In the Post story, which pulls back the veil on a little-seen aspect of the war, a man named Abdul Hakim, a taxi driver and intermediary between officials and the Taliban, is shown going about the somber business of ensuring the hundreds of dead civilians, police officers and others are cared for properly, under Islamic law, and buried. A small excerpt from the must-read story:

In the past six years, [Abdul Malik] has done it 127 times, carrying letters of permission from both the Afghan government and the Taliban as he weaves through Kandahar in a beat-up yellow taxicab, with dead insurgents in the trunk. Black bags for those killed in firefights. Small wooden boxes for what’s left of suicide bombers.…

Several times a month, a NATO helicopter deposits insurgents’ bodies at a mortuary next to Kandahar Airfield, where they are checked for unexploded bombs and placed in the same room as US war dead. A flag-wrapped coffin for the Americans and a plywood box for the insurgents sit side by side.

The International Committee of the Red Cross then takes the remains of the insurgents, along with a file of information about them—photographs, a description of how each was killed—to Mirwais Hospital in Kandahar city. In the morgue’s register, they are identified by their job title, written simply as “Talib.”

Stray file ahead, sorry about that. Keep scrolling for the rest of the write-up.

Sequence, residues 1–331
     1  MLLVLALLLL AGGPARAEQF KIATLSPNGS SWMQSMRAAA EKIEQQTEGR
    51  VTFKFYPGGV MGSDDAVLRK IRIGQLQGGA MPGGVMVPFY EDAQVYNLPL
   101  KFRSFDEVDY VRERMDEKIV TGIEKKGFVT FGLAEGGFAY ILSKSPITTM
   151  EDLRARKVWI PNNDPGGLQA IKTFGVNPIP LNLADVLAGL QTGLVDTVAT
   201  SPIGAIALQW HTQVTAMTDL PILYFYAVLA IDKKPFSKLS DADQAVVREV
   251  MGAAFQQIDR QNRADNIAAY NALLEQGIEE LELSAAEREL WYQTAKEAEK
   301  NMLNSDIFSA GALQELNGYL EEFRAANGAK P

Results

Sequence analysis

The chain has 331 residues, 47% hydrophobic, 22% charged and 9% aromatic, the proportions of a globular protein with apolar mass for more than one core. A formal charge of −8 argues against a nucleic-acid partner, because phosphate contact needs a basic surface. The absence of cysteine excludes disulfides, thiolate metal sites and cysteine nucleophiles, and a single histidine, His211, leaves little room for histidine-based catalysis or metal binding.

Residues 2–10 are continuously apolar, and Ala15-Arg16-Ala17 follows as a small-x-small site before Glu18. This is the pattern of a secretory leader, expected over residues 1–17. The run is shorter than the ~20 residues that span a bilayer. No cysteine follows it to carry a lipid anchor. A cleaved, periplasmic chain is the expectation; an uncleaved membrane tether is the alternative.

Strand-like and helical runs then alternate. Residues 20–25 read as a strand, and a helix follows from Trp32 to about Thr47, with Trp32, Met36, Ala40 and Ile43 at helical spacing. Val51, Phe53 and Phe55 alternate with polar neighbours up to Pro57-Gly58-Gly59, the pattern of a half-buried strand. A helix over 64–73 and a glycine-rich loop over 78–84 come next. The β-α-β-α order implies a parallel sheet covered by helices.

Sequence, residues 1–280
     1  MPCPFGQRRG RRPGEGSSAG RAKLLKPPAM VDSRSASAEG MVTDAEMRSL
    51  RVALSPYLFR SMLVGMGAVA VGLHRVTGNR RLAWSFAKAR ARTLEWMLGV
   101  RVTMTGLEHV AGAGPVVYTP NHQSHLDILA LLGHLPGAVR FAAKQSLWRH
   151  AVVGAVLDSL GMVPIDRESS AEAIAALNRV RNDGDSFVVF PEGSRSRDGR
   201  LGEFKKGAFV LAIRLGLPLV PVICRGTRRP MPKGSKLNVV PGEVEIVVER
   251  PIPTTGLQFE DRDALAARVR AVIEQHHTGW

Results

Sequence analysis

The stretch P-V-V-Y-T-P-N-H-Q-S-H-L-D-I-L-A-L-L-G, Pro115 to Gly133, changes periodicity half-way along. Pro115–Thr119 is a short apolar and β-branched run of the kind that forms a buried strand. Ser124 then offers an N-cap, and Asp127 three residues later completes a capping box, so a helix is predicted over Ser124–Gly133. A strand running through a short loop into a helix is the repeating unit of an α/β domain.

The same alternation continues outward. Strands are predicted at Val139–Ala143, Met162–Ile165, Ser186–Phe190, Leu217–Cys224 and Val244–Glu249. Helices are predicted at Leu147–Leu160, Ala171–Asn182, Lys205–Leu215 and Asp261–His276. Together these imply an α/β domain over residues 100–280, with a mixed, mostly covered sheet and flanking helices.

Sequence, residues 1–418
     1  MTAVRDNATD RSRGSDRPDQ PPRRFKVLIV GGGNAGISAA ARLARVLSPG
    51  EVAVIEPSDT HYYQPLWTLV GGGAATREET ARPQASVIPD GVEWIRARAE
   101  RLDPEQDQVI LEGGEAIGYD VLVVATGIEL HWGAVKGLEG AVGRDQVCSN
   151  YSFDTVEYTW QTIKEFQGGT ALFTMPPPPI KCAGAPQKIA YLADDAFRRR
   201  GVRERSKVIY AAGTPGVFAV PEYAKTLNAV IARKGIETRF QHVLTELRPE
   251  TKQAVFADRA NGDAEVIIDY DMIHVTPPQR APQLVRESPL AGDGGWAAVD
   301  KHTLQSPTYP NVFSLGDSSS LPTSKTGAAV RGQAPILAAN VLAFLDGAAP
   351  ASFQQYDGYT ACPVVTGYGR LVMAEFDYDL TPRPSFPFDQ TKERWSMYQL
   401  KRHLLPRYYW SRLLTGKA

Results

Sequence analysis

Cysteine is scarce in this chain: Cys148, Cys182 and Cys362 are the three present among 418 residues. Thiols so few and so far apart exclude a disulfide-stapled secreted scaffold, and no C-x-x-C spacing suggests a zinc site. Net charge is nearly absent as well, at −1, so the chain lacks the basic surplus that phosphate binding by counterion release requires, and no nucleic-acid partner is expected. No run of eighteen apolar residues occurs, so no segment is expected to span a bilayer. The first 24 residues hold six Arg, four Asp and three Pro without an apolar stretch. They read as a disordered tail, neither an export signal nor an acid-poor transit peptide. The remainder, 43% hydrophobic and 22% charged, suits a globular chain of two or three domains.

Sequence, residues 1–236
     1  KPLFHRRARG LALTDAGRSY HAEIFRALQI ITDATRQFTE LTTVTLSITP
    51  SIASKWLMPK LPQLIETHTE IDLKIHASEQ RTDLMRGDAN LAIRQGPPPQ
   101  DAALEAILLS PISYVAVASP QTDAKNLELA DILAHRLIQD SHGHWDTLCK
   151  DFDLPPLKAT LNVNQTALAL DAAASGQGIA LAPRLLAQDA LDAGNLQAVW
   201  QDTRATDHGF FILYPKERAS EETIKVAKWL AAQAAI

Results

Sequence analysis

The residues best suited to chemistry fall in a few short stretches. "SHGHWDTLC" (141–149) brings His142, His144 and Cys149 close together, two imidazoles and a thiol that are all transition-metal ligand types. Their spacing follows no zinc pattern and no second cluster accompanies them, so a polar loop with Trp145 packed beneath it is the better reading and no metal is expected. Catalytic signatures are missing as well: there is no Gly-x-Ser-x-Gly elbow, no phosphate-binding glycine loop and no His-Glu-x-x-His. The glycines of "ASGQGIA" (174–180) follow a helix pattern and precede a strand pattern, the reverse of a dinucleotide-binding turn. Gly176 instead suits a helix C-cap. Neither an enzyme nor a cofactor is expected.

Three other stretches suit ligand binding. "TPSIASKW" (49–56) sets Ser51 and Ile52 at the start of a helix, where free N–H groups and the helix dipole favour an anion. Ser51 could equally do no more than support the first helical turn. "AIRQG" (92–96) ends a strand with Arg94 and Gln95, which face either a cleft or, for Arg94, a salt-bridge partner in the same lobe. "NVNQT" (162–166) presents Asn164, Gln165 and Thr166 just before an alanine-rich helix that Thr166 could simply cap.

The insurgents often share space in the Mirwais morgue with their victims, also transported by the ICRC. The grim toll emerges in the morgue’s register: President Hamid Karzai’s brother, the mayor of Kandahar and dozens of civilians, police officers and insurgents have been kept in the white refrigerated trailer, imported from Denmark, over the past seven months. A pile of clothes, stripped from the dead, lies nearby.

On a single day earlier this year, according to the register, four police officers were killed in an explosion, a shopkeeper was shot dead and a district governor was assassinated. About 150 bodies come through the Mirwais morgue each month.

On the register, next to the names of the dead, family members have scrawled their signatures or, in the case of the illiterate, left blue thumbprints as a record of who took the remains for burial. But next to the names of Talibs, the same man has signed dozens of times: Abdul Hakim.

The war goes on.